To work toward their goal, they had to go on a virtual scavenger hunt, he said.

"We did lots of research on the web and made phone calls," Michelle Scott, the interior design instructor at Lehi High School, said. That group helped choose the colors and materials and plan the exterior of the home.

One item popular with buyers is granite countertops. However, the class members found none of those are made in America, so they chose quartz instead. That was just one of the substitutions made to reach toward their goal of American-made. In more than 99 percent of the items they succeeded. However, they found the hinges for the interior doors were actually made in China and some parts of the garage door opener were made outside America.

"But they were assembled here," Johnson quickly added.

Some items were made by class members, including vanities for the bathrooms and kitchen cabinets, which were built by a cabinetry class from Pleasant Grove High School.

"It wasn't a smooth road, but it was a real-life experience," Johnson said. "We held to a budget. In some of our selections we had to choose something else. I am still glad we did it. I would do it again, but don't tell Vicki." He referred to Vicki Fife, the interior design teacher at Lone Peak High School, who is designing next year's house.

The students resoundingly said they were glad for the experience. They learned how to lay tile, how to hire a house and how much work painting is before you ever open up a paint can.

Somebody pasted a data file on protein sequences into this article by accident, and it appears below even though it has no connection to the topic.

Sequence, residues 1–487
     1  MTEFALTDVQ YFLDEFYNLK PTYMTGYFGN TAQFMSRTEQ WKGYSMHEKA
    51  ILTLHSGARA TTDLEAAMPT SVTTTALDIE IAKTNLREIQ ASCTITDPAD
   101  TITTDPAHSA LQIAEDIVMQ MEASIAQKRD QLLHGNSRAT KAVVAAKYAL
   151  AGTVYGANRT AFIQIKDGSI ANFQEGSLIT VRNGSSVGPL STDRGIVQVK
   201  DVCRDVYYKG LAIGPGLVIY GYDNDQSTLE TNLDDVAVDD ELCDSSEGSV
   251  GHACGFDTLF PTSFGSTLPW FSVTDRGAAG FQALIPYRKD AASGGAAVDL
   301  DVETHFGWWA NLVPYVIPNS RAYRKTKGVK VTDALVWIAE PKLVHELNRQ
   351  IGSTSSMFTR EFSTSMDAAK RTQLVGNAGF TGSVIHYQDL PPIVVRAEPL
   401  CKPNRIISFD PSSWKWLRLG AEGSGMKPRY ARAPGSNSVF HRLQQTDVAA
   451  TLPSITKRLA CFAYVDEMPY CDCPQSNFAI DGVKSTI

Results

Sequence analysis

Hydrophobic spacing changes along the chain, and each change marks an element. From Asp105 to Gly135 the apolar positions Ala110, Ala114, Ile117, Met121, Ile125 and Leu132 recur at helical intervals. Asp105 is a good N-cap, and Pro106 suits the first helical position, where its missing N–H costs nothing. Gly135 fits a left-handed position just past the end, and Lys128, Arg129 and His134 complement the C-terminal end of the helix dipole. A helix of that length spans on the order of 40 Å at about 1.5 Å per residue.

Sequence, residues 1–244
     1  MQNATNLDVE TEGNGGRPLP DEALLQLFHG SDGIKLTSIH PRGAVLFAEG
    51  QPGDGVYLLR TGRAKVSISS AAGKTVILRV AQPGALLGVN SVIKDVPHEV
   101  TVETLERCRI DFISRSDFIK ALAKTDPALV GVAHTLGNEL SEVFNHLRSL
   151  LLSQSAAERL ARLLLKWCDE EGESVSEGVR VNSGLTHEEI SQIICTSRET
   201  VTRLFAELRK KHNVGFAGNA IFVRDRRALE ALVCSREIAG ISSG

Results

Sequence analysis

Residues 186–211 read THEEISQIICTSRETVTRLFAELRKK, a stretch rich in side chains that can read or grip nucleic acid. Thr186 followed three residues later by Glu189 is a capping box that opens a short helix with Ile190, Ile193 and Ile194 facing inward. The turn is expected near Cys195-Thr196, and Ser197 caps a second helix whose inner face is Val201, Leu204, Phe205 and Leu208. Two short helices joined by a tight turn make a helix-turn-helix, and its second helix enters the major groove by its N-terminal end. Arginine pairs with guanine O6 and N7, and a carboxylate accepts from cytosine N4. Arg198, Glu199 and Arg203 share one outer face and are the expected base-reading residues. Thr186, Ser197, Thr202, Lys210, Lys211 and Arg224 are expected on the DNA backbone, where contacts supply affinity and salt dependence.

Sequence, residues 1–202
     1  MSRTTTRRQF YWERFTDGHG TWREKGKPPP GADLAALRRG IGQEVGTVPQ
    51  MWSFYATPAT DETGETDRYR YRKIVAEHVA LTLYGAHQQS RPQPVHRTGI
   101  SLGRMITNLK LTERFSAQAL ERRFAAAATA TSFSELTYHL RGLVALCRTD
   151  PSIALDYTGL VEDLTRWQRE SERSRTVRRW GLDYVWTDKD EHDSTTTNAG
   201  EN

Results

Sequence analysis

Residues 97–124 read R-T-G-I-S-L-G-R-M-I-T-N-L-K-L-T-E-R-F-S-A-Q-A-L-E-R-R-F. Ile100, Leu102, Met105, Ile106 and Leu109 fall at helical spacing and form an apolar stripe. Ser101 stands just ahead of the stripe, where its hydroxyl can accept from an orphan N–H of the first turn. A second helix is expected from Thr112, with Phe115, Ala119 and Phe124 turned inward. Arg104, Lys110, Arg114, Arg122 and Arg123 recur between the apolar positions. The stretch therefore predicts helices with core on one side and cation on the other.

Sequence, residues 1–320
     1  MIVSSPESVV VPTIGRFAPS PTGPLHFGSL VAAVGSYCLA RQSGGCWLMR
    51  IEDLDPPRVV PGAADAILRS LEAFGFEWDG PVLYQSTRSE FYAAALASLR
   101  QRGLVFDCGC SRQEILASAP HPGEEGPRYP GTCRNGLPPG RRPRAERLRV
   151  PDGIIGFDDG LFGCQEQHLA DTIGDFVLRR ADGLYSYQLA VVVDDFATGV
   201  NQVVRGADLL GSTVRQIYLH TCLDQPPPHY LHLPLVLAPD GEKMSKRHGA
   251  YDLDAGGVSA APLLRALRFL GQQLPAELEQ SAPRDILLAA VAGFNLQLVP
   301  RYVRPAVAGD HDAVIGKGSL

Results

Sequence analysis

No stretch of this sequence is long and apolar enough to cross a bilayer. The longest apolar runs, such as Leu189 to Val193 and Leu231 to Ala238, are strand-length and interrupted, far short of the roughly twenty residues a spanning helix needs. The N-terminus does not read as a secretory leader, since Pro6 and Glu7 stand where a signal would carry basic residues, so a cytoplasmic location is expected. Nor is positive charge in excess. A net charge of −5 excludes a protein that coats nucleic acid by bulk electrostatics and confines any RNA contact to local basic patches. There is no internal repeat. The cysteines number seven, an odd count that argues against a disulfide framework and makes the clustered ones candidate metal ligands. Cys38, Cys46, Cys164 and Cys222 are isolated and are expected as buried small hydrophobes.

"Doing wood floors on your knees for a long time -- it hurts," another said.

They learned some life lessons and rewards.

"The biggest thing I learned was problem solving," one said. "Everything you do will come back to bite you in the end. If you don't do it right the first time you have to keep fixing it."

"You have to work on quality first to get your speed up," another said.

"It is really time consuming but it pays off," one said.

"It is hard work but you have got to stick with it," one said. "It is the little details that matter the most. You need to pay attention to every little thing."

Stott, the interior design teacher, agreed.

"It is a great learning experience," she said. "There are so many details. I definitely learned a lot about building American. It can be done. You just have to keep searching."

Those who toured the home at the open house did a little of their own searching. Johnson told them there was an 8-inch pipe embedded in a wall and a secret room hidden in the home. The pipe was used to form a rounded corner in the kitchen area, and the hidden room was behind some shelving in an upstairs bathroom. It can be used for additional storage.

Johnson, who has done similar projects for 22 years, said the most challenging part was coordinating everything.

"I think the best thing for this class is the education," he said. "That is my philosophy -- to do this so the kids can have a real-life experience."

"Listening to their comments and how much they have grown, you recognize their own self confidence," he said. "It rises when you complete something like this."

The house has already had an offer on it, from an individual who had previously toured another of the student-built homes and was impressed with the quality.

-- Barbara Christiansen covers news in American Fork ˜ government, schools, residents, business and more.
Read more from Barbara Christiansen here.